written by: Elizabeth Stannard Gromisch
• edited by: Tricia Goss
• updated: 4/5/2012
The て-form (te-form) in Japanese is used in three different occasions: when making requests, asking and receiving permission, and describing two activities in a sentence. We can differentiate between these three usages by the additional ending added.
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The first usage for the て-form is for making requests. When we use the て-form in this way, the ending becomes ～てください (~tekudasai): this means we take the verb and conjugate it into the て-form, then add ください (kudasai). ください means “please" in English, so these て-form requests are a polite way to say “please do...for me." Let's look at some examples:
この ページ を よんでください。(kono peeji wo yondekudasai)
Please read this page (for me).
みせ に いってください。(mise ni ittekudasai)
Please go to the store (for me).
Notice in the first example the verb is よんでください: the て can change to で, depending on what the て-form is.
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The て-form can also be used to ask permission. The specific ending is ～てもいいです (~temoiidesu). Let's look at an example:
コンピューター を みてもいいですか。(konpyuutaa wo mitemoiidesu ka)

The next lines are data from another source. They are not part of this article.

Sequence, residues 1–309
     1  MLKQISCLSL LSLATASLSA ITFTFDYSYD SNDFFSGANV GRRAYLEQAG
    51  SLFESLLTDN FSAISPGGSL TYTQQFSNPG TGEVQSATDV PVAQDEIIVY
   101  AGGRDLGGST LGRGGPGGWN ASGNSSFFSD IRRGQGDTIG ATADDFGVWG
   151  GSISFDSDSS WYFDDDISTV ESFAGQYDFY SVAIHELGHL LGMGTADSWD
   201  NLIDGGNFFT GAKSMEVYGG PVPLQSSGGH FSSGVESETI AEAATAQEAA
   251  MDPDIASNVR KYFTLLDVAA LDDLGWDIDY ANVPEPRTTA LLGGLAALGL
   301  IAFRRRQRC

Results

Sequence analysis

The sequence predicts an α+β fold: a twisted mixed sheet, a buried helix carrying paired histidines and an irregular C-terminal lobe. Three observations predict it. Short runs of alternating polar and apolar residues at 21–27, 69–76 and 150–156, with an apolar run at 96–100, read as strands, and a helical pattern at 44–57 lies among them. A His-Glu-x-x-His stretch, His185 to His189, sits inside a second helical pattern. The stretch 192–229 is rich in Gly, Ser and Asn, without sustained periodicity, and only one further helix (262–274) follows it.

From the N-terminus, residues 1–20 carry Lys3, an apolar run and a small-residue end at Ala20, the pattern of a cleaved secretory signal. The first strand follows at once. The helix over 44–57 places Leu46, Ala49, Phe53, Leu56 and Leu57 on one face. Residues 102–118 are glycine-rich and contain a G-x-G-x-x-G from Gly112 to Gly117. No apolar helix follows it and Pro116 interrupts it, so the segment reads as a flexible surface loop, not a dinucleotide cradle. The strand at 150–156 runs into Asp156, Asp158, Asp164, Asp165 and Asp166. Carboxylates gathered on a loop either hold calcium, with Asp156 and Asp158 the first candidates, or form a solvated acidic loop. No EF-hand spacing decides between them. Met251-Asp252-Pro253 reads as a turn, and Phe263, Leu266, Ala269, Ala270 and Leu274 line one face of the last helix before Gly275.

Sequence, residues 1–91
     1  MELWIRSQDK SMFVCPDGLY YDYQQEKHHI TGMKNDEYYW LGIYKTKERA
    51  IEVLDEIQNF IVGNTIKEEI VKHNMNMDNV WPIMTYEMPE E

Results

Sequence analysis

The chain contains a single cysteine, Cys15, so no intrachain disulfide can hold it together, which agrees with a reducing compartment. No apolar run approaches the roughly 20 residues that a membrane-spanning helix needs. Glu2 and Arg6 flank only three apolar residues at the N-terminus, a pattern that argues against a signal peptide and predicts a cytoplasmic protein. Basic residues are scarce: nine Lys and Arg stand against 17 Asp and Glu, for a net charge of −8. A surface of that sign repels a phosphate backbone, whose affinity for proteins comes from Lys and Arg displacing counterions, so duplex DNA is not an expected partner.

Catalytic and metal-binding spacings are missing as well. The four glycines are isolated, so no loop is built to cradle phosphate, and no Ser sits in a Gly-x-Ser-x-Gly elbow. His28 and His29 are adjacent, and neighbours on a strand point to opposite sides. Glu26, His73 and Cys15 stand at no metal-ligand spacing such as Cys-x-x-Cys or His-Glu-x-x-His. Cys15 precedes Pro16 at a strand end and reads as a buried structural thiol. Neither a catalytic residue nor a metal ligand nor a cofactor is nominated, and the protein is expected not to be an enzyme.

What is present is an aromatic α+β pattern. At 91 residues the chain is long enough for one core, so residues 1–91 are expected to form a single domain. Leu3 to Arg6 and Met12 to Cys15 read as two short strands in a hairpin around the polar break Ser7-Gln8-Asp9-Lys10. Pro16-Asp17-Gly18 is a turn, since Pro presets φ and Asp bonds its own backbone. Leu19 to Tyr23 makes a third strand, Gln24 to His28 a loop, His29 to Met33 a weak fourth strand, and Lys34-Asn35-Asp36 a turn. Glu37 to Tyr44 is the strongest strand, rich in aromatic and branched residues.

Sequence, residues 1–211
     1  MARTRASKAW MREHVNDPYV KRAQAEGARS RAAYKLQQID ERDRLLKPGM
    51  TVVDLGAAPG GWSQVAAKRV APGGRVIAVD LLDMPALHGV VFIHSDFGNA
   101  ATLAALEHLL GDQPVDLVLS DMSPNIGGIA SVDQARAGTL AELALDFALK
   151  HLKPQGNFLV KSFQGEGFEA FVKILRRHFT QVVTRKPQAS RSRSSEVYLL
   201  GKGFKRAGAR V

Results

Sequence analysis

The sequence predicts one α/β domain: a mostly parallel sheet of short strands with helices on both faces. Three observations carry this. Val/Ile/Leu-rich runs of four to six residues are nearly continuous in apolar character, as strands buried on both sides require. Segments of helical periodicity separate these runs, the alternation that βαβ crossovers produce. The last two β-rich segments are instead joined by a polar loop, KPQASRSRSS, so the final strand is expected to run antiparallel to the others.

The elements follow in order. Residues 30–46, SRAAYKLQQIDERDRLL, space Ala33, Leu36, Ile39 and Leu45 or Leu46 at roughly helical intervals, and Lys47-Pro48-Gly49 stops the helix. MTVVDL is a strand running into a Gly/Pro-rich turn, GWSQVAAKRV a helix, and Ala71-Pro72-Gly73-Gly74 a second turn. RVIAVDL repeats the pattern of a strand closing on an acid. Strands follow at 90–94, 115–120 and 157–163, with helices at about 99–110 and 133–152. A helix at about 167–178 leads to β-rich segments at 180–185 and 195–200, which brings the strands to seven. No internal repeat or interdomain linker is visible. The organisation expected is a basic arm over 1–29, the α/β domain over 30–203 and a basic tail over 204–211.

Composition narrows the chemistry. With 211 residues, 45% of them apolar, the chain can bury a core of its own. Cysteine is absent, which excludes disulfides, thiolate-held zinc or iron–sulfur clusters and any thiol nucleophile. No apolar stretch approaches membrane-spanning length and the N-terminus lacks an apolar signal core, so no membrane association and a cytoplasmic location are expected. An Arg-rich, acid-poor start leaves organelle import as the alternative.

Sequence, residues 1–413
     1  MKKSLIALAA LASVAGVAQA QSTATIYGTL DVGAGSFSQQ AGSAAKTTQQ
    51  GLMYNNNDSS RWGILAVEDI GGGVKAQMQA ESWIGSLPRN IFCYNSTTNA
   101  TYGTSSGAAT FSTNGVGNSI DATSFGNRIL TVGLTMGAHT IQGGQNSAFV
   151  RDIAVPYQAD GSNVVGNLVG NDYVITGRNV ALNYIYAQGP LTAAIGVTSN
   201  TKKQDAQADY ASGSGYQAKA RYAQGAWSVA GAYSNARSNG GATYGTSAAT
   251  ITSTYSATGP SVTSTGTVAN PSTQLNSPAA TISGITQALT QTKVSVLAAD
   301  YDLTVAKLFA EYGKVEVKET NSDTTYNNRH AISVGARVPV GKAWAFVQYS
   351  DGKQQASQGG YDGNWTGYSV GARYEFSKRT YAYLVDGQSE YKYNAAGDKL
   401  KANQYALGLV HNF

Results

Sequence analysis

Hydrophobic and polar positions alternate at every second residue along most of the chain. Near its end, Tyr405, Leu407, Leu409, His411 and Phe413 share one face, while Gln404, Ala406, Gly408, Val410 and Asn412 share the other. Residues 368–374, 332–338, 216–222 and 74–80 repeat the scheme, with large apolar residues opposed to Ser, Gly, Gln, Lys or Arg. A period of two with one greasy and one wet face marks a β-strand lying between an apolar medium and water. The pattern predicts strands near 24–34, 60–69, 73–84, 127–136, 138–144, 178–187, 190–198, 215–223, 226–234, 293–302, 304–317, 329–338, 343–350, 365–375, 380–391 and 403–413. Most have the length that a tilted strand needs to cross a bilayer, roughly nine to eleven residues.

May I see the computer?
If we want to give the asking person permission, we can use the ～てもいいです ending. For example:
Yes, you may.
However, if we do not want to give permission, we use another ending: ～てはいけません (~tehaikemasen). For example:
いいえ、コンピューター を みてはいけません。(iie, conpyuutaa wo mitehaikemasen)
No, you may not see the computer.
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Two Events or Activities
Another way the て-form is used is to describe two events in the same sentence, which requires two different verbs. The formula for this type of sentence is:
The verb that is conjugated in the て-form equals “and." The second verb is conjugated in either present tense or past tense, depending on the time frame of the sentence. Here's an example how the Vて、Vます formula is used:
きょう は、ろくじ に かえって、たべました。(kyou wa, rokuji ni kaette, tabemashita)
Today, I came back at six o'clock and ate.
When using this type of て-form sentence, the verb that is conjugated in the て-form is the event that comes first. This applies to sentences about the future: the first proposed activity would be conjugated in the て-form, then the second form in present tense.